The winning designers were represented from countries all over the world, which included: Bethany Williams (UK), Cora Bellotto (Italy) and Renata Buzzo (Brazil), the designer collective of Bite Studios including Elliot Atkinson, Suzanne Elvi, Veronika Kant, and William Lundgren (UK), Ksenia and Anton Schnaider (Ukraine), Gabriela Luna and Corina del Pinal (Guatemala), and Mozhdeh Matin (Peru).

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Winning designers of The Next Green Talents initiative (2019) hosted by Yoox & Vogue Italia. (photo: courtesy image)

Across Milan Fashion Week presentations and runways that adhered to sustainable concepts were also abundant. Officina del Poggio, for example, with its iconic oval-shaped bags explored the usage of sustainable materials in their collection. Synthetic eco-leather and organic velvet as finishing materials proved that eco-friendly substitutes are as durable and aesthetically pleasing.

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Officina del Poggio Fall/ Winter 2019-20 collection.

For more innovative techniques to further enhance the luxury feel of their bags, Officina del Poggio pursued bio-products that are typically discarded as waste. For example, the brand used naturally dyed salmon skin and heat-meshed Ostrich leg skin to add depth and exoticism to the bags.

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Close up of an Officina del Poggio clutch bag. (photo: courtesy)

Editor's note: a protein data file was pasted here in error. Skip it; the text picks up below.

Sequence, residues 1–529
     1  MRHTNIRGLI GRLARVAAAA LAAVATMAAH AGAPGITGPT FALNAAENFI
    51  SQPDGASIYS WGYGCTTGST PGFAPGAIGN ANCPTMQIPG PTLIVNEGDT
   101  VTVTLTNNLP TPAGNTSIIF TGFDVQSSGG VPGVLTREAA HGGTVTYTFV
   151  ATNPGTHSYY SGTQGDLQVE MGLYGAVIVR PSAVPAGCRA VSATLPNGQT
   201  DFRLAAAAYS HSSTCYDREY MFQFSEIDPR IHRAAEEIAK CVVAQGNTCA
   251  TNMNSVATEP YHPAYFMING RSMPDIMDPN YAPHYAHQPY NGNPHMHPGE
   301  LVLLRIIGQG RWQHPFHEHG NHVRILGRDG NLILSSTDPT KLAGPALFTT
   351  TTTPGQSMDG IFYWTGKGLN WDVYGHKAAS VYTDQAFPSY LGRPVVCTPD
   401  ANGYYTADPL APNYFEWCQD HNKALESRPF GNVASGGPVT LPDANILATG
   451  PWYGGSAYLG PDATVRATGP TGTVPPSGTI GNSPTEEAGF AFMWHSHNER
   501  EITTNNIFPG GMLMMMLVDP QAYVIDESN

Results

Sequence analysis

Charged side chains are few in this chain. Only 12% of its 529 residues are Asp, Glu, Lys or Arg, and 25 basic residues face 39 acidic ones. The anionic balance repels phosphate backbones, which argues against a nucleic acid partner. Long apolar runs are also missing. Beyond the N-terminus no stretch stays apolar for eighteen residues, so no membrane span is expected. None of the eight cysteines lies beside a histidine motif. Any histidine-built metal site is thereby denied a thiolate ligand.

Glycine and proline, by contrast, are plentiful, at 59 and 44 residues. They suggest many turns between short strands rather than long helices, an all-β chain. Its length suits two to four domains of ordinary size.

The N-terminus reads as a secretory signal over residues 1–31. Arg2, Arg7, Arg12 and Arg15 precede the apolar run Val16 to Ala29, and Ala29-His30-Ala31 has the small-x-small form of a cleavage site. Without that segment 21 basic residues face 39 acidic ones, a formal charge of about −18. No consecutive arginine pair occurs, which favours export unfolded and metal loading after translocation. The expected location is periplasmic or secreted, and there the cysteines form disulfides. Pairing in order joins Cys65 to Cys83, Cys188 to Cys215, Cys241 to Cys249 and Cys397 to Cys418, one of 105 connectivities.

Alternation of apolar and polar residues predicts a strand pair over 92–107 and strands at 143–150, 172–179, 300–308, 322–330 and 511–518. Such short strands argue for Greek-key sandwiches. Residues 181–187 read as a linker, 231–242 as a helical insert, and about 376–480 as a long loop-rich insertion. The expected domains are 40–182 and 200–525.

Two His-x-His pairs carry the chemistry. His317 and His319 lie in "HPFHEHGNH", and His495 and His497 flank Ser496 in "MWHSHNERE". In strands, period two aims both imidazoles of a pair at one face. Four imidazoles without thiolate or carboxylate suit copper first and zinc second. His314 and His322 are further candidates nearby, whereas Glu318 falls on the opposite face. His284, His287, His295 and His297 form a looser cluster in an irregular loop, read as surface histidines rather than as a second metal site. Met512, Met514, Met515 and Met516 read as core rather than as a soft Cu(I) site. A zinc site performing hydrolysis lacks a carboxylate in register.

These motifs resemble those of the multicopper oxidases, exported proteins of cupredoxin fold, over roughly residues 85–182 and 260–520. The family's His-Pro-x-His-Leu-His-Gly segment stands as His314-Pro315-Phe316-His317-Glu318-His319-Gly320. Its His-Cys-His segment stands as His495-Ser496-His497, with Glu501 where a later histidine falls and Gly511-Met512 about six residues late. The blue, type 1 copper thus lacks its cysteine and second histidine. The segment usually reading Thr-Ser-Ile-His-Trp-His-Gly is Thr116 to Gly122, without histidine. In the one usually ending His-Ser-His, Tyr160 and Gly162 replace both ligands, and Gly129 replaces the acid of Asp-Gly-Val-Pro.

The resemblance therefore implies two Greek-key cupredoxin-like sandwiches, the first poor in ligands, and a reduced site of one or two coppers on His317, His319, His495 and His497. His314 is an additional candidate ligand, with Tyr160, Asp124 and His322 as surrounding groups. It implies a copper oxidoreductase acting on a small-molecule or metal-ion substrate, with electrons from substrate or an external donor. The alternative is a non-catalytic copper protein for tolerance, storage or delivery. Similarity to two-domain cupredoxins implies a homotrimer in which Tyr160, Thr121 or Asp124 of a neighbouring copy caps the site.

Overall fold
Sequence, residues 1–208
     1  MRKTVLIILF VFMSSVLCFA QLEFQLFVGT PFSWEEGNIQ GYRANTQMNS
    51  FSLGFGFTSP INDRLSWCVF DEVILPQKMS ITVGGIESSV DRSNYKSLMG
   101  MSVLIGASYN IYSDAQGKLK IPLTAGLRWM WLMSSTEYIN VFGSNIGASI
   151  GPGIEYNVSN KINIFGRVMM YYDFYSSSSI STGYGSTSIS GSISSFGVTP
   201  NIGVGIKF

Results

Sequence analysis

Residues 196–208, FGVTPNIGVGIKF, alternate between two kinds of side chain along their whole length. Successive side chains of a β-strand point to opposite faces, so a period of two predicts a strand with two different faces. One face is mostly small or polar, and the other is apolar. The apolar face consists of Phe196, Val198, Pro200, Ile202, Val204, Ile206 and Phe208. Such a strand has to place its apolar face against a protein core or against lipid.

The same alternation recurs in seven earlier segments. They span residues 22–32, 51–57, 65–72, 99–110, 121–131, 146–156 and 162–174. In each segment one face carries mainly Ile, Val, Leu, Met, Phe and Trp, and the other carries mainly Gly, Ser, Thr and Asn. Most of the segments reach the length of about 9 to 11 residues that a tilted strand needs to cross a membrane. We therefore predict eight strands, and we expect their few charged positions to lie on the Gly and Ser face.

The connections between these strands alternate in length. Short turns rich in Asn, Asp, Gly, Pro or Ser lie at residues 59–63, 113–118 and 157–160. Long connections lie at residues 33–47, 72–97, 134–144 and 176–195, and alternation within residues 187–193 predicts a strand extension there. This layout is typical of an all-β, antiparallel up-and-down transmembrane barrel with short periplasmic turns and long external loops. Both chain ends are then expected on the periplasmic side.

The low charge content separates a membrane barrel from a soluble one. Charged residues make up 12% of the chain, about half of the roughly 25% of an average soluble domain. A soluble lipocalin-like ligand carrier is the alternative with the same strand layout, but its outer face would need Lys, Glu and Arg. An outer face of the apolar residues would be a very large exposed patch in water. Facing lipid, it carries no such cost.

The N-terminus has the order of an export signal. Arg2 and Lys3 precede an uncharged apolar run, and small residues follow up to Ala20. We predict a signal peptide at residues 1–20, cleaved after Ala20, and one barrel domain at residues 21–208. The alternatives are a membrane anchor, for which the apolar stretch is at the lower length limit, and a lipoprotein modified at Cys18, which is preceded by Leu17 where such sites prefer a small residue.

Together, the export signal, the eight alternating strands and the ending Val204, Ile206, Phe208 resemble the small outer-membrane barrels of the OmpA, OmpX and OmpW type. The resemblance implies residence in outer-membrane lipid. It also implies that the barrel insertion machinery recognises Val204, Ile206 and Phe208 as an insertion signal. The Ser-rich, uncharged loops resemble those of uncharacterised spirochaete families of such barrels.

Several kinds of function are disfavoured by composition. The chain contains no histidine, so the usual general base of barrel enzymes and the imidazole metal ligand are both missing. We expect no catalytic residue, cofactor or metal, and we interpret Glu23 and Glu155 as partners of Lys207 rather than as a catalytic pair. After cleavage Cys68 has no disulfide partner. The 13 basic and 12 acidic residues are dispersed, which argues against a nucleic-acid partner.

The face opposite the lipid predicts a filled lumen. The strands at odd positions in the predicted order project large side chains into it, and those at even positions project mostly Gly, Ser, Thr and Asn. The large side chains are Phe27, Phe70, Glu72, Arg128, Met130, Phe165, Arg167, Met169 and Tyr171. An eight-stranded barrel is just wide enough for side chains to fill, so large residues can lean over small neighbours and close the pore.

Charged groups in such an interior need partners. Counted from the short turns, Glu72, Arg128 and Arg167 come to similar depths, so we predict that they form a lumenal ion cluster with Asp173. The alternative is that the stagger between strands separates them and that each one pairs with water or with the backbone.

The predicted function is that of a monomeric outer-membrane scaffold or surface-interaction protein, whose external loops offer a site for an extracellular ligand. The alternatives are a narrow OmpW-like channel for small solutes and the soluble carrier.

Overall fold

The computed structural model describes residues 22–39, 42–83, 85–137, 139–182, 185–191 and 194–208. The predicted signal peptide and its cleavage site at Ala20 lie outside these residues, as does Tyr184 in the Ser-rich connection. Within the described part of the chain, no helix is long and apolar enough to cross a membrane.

Japanese designer Mitsuru Nishizaki, who is celebrating his 10th year as creative director of Ujoh, tapped Saldarini Cashmere Flakes as a sustainable material to use in the traditional puffer jacket. The use of cashmere flakes eliminates the need for goose feather as stuffing and assures the same visual impact and softness with a high power of thermal insulation.

The Saldirini cashmere flakes were purchased in Mongolia. This is a notable new relationship because it not only provides sustainable support to shepherds living in the area, it is an accommodating discovery that allows a suitable mix of innovation and tradition.

This season it is marked that Milan, being one of the capital fashions of the world, is reminding us that we as consumers have social and environmental responsibilities. Sustainable fashion starts with the design AND with us, the fashion wearers. A sustainable approach of making and buying clothes is the key to protecting the planet as well as the lives of those involved in the creation of garments.

As I end this article, let me leave you with something to ponder on: Are you willing to trade your fast fashion wardrobe for sustainable fashion? Are you willing to buy less and buy better? And, are you willing to choose well to live well? Let us know what you think and leave comments below.